Fired St Joseph MP Herbert Volney insisted yesterday he is still the elected representative and will continue to represent his constituents. He refuses to vacate the Mt Lambert constituency office.
“I am still the Member of Parliament. I remain the Member of Parliament and will remain so until the matter is determined by the High Court, or until I resign and force a by-election,” he told the Express in an interview at the office.
Volney said he proposed to give interim leader of the Independent Liberal Party (ILP) Chaguanas West MP Jack Warner “periodic reports of what is happening and what needs to be done so he can speak for the constituents and the constituency in the House of Representatives”.
Asked whether he had the blessing of his constituents to so do, Volney responded: “I am the elected MP and I think that is my call. If I think that I can’t speak for them—they will have a voice, they will have someone who speaks for them in the House. I don’t think the people of St Joseph will have a problem with Mr Warner speaking for them because St Joseph has gone green.”
Volney resigned from the United National Congress (UNC), the party he had joined after vacating the bench to contest the St Joseph seat, last month. Prime Minister Kamla Persad-Bissessar, political leader of the UNC, subsequently wrote to House Speaker Wade Mark, asking him to declare the seat vacant. At Monday’s sitting of Parliament, Mark declared the seat vacant with immediate effect, in keeping with the provisions of the Crossing of the Floor Act.
Volney expressed concern that since he’d lost office as a minister, the marginal constituency had gotten very little out of the Government.
“The constituency of St Joseph has been neglected by the UNC in the last year,” he said.
“I will continue to come to the constituency office and be here for constituents, once I remain the seated Member of Parliament. I propose to file my action to preserve my membership of the Parliament and in my own timing, and after speaking with the political leader of the ILP I will likely force a by-election unless I have better reasons not to,” he said.
And for the first time since he was fired by Persad-Bissessar from Cabinet one year ago for his role in the early proclamation of Section 34 of the Administration of Justice (Indictable Proceedings) Act, Volney stated: “I have a problem with the Prime Minister now because I really can’t trust her.” He said he was surprised she presided over the “misdeed” of the Speaker.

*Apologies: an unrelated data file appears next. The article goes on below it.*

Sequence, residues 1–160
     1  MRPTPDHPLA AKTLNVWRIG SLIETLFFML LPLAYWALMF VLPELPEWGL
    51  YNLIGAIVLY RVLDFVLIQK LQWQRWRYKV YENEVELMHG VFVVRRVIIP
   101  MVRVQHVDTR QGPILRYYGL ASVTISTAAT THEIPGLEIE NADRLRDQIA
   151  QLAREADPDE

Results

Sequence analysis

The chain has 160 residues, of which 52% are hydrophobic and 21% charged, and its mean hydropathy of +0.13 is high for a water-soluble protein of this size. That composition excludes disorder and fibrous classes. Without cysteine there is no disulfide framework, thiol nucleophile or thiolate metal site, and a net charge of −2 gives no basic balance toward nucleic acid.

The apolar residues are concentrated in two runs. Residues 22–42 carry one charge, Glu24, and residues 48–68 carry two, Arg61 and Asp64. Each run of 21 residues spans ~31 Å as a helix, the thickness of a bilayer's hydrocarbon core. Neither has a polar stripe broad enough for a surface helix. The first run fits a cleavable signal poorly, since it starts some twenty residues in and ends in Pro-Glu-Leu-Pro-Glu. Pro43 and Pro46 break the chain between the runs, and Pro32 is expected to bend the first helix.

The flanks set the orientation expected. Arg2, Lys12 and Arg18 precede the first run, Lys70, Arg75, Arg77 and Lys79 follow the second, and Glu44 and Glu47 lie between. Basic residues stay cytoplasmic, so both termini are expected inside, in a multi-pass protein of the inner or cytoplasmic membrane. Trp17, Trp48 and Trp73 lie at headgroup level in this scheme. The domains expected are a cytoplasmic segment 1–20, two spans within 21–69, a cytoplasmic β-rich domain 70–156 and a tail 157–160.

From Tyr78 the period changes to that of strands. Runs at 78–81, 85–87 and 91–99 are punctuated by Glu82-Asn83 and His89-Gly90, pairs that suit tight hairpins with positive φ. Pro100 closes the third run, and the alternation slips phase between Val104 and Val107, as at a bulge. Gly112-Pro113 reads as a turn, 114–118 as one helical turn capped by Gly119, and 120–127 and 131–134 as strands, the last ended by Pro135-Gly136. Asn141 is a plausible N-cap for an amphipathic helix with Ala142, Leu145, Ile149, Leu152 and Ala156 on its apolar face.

“She’s a likeable person. Behind the facade of her smile is a really horrible person that she has become,” he said.
“It is very unfortunate and that is why I should correct the wrong that the Speaker did. It was deliberate. It was done with venom and I blame the PM for wanting to unseat me by writing the letter to the Speaker of the House as an SC.
“She should have known the Speaker has no such authority, but she invoked a provision and he complied. He had no proper legal ground to assume the jurisdiction of the High Court and to rule on the seat of an MP,” he insisted.
When the Express pointed out that it could be interpreted that his is a case of sour grapes, he responded: “How long can grapes be sour? You know? She (the PM) lured me out of my secure job to come and help her win an election. I lent myself to her and my name. Her party won a lot of the Catholic vote along the East-West Corridor, as I was a high-profile Catholic on her team. When she got more seats than she expected, power got to her head...”
He stated emphatically he did not trust the Attorney General.
Volney, who also lost his MP’s salary of $14,500 when his seat was declared vacant, says he will manage financially on his judge’s pension and from his consultancy work.
“I am a man with years in the law. I can still give and I do give legal opinions and advice, for which I am entitled to be remunerated. I am also able to make the necessary connections with people still in Government or persons having difficulty in getting the necessary clearance for certain things,” he said.
Asked whether he would have done anything differently, he responded: “If I had to reverse the time I would probably have joined the Movement for Social Justice (MSJ) and fought the St Joseph seat as a candidate of the MSJ which I see as a principled grouping compared to the UNC and the COP and the PNM.”